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OSGi vs. NetBeans module system

 
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Hello Craig, Hello Ranchers,

I don't have very much practical experience regarding OSGi besides running and testing a few sample applications. But I've work some time with the NetBeans rich client platform which provides an own module systems (which was not based on OSGi that time). Do you have any experience how this can be compared to the solution with OSGi/Spring, i.e. in which way they are similar or distinct from each other?

Thanks!

Marco
 
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Marco Ehrentreich wrote:I don't have very much practical experience regarding OSGi besides running and testing a few sample applications. But I've work some time with the NetBeans rich client platform which provides an own module systems (which was not based on OSGi that time). Do you have any experience how this can be compared to the solution with OSGi/Spring, i.e. in which way they are similar or distinct from each other?



It seems that you and I have had opposite experiences with these module systems. I've had no experience with NetBeans' module system, so I can't speak to how it compares with OSGi. Sorry.


 
Marco Ehrentreich
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No problem at all

Maybe I can try to explain the basic ideas behind the NetBeans module system...

- NetBeans allows (partly) to insert or remove module bundles at runtime.
- It automatically manages dependencies and takes care to avoid circular dependencies.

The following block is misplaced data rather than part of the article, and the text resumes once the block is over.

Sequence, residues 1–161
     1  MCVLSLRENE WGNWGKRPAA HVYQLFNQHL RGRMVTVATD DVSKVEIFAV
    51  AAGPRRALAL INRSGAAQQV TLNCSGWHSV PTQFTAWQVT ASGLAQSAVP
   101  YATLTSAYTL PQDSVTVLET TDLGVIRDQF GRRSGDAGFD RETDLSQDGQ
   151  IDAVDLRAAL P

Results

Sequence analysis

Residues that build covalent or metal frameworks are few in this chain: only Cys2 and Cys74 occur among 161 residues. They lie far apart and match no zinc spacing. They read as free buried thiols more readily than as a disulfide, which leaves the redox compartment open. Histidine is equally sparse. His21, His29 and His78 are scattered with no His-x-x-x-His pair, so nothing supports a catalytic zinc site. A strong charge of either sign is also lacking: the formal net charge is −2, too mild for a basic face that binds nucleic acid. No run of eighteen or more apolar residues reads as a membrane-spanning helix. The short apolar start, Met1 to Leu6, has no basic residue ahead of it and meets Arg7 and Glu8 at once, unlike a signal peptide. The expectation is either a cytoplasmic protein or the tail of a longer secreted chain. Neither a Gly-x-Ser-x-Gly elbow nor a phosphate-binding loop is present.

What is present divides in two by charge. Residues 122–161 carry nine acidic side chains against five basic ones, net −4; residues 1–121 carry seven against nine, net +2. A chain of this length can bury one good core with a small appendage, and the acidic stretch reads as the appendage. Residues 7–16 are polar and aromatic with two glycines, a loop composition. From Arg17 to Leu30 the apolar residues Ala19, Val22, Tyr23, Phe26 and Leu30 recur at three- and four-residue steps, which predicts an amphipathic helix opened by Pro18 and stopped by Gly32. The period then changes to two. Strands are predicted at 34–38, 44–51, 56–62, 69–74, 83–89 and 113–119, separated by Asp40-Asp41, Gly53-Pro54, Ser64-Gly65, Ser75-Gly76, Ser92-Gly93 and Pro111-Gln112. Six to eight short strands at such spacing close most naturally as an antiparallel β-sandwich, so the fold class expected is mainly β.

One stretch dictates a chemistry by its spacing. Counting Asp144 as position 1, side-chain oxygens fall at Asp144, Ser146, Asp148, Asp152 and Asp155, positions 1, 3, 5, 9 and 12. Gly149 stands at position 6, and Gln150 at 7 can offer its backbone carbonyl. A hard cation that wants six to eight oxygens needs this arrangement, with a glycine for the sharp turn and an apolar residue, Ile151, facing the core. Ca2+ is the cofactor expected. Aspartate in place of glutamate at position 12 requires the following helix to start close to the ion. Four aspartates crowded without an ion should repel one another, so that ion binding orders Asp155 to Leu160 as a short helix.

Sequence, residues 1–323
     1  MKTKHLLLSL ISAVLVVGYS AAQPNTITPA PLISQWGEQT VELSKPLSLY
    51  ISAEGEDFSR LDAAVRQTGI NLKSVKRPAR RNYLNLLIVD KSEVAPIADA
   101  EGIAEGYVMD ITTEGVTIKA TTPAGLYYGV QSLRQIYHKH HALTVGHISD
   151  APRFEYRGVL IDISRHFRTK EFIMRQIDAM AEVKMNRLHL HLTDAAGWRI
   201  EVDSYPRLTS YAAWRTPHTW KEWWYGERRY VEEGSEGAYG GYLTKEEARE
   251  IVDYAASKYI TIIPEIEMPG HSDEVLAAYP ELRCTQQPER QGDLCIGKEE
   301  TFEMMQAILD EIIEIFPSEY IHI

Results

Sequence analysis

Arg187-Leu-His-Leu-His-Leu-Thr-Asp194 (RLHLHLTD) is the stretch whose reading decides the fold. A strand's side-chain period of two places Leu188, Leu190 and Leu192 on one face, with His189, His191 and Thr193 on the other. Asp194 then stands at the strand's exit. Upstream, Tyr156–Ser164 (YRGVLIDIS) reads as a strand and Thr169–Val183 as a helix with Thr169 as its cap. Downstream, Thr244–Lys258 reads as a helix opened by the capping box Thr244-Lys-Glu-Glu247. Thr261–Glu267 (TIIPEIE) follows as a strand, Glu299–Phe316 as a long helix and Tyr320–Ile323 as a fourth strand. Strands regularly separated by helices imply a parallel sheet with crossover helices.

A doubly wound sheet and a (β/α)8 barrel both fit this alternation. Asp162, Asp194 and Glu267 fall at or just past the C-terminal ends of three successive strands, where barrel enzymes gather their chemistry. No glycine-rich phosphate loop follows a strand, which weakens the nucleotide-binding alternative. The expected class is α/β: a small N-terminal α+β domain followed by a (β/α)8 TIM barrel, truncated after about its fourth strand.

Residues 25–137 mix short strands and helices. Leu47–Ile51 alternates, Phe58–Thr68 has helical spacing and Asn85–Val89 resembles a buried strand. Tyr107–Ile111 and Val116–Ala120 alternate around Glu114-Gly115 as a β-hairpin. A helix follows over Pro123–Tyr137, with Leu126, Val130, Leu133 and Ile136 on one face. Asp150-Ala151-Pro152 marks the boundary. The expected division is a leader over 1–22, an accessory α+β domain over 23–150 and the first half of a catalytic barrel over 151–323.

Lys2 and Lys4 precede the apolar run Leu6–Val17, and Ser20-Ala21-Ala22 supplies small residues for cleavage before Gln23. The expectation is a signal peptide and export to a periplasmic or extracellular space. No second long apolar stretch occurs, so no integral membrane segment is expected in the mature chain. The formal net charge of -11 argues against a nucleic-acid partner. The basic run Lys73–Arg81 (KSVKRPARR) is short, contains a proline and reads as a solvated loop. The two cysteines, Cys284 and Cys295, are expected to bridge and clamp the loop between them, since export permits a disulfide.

- The current version seems to allow modules to get loaded only on demand.
- NetBeans allows meta data for modules like a version number, description...
- A module can be almost anything, including resources like images etc.
- NetBeans allows to distinguish between service APIs and service implementations (which can be in different modules).

There are probably more things to it, but i guess these are the most important ideas behind the NetBeans module system.

Marco

 
Craig Walls
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Marco Ehrentreich wrote:
- NetBeans allows (partly) to insert or remove module bundles at runtime.
- It automatically manages dependencies and takes care to avoid circular dependencies.
- The current version seems to allow modules to get loaded only on demand.
- NetBeans allows meta data for modules like a version number, description...
- A module can be almost anything, including resources like images etc.
- NetBeans allows to distinguish between service APIs and service implementations (which can be in different modules).



Sounds quite similar to OSGi. Let me create my own list of OSGi capabilities:
- OSGi allows bundles (what they call modules in OSGi...just JAR files with special info in the manifest) to be installed, uninstalled, stopped, started, or replaced at runtime while the app is running.
- Dependencies are automatically handled at the package level. A bundle may declare that it exports one or more packages (all others will be private to that bundle by default) and another bundle may declare that it imports those packages. If there's more than one version of a given package available, the bundle can declare which version it uses.
- OSGi leverages the META-INF/MANIFEST.MF file found in every JAR file for its metadata. That metadata may include, among other things, version numbers, descriptions, packages imported/exported, etc.
- Modules in OSGi are JAR files. An image (for instance) can't be a module. But a bundle may contain an image that is made available to other bundles.
- Just like NetBeans, service interfaces and implementations are distinct concepts and can be in different bundles.

So, without knowing any more about NetBeans, I can say that OSGi and NetBeans modules share a lot of commonality. Where do they differ? I don't know...yet. Which is better? I'm going to avoid answering that question.
 
Marco Ehrentreich
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Without knowing any more about OSGi I can confirm that the two are VERY similar

Everything you wrote reads like a description of NetBeans. Even the concept with the manifest files works the same way in NetBeans. So I'd say they have almost everything in common. So it's no wonder I just found this article in the NetBeans wiki collecting ideas to align the NetBeans module system and OSGi even closer.

Marco
 
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